Marco Bertoni, Giorgio Brunello (2015).

Later-borns Don’t Give Up: The Temporary Effects of Birth Order on European Earnings Available at

The existing empirical evidence on the effects of birth order on wages does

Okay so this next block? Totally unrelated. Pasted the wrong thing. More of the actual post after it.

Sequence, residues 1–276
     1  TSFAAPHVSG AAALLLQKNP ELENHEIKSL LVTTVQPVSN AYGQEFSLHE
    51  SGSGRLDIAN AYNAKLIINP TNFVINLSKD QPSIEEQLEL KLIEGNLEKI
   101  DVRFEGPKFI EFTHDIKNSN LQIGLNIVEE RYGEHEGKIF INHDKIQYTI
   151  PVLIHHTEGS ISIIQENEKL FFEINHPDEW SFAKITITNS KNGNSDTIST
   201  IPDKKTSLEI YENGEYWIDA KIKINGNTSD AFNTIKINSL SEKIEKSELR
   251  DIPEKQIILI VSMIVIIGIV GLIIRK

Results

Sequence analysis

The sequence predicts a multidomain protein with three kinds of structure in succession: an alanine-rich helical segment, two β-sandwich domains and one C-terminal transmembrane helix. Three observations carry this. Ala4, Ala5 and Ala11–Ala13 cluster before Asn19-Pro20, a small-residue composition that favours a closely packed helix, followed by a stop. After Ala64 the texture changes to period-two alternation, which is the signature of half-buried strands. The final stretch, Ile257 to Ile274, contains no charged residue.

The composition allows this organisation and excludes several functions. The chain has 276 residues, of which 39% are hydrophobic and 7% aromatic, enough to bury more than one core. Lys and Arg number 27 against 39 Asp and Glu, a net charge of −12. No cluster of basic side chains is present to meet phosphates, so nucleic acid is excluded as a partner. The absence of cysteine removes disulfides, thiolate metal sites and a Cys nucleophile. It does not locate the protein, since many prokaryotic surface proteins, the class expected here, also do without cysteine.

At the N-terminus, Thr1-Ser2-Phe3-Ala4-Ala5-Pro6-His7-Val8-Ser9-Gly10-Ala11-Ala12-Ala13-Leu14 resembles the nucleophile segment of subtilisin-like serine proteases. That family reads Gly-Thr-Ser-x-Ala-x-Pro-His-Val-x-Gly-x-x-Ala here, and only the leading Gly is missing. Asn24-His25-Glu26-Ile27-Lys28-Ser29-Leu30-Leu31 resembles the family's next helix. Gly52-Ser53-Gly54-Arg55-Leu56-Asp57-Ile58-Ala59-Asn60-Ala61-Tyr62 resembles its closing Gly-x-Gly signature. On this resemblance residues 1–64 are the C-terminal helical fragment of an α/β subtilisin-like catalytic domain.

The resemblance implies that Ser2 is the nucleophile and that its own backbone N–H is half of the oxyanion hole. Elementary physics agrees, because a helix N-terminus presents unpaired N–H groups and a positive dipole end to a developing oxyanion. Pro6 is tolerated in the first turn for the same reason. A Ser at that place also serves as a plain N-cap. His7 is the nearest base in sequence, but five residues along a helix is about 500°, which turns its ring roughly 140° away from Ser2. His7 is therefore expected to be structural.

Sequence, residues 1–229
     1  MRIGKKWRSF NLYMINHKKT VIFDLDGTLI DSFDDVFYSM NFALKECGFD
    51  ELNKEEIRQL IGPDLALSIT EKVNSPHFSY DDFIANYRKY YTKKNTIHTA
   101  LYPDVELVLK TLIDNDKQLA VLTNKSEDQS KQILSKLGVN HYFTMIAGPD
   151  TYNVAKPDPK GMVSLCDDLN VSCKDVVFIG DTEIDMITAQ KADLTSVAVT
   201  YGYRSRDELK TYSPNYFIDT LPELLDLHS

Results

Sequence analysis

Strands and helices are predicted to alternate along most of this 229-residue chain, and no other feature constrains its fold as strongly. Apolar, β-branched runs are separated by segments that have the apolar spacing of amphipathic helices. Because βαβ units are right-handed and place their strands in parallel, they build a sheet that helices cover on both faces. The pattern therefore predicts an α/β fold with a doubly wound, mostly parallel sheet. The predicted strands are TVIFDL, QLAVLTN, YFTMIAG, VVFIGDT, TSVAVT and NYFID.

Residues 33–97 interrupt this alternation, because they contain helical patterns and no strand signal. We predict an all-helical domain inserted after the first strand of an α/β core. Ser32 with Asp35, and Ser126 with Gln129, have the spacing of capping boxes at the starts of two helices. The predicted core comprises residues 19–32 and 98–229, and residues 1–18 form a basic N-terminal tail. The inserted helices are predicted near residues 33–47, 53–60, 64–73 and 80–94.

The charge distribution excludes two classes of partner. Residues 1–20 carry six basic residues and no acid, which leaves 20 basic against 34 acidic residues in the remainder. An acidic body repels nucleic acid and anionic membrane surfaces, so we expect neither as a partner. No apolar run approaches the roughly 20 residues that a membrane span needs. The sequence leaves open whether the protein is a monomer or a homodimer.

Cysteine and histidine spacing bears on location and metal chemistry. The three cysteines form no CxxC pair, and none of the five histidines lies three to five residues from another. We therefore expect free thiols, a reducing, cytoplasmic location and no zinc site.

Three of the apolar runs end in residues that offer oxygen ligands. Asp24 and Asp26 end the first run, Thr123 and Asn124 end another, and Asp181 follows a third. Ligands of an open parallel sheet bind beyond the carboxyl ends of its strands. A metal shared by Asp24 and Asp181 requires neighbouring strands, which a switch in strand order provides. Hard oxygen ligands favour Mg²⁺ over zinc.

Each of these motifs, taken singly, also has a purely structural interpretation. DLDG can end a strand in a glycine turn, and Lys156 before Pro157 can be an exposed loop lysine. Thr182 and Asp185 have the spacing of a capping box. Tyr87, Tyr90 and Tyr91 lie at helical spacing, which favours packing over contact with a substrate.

not distinguish between temporary and permanent effects. Using data from 11 European countries for males born between 1935 and 1956, we show that firstborns enjoy on average a 13.7 % premium in their entry wage compared with later-borns. This advantage, however, is short-lived and disappears 10 years after labor market entry. Although firstborns start with a better job, partially because of their higher education, later-borns quickly catch up by switching earlier and more frequently to better-paying jobs. We argue that a key factor driving our findings is that later-borns have lower risk aversion than firstborns.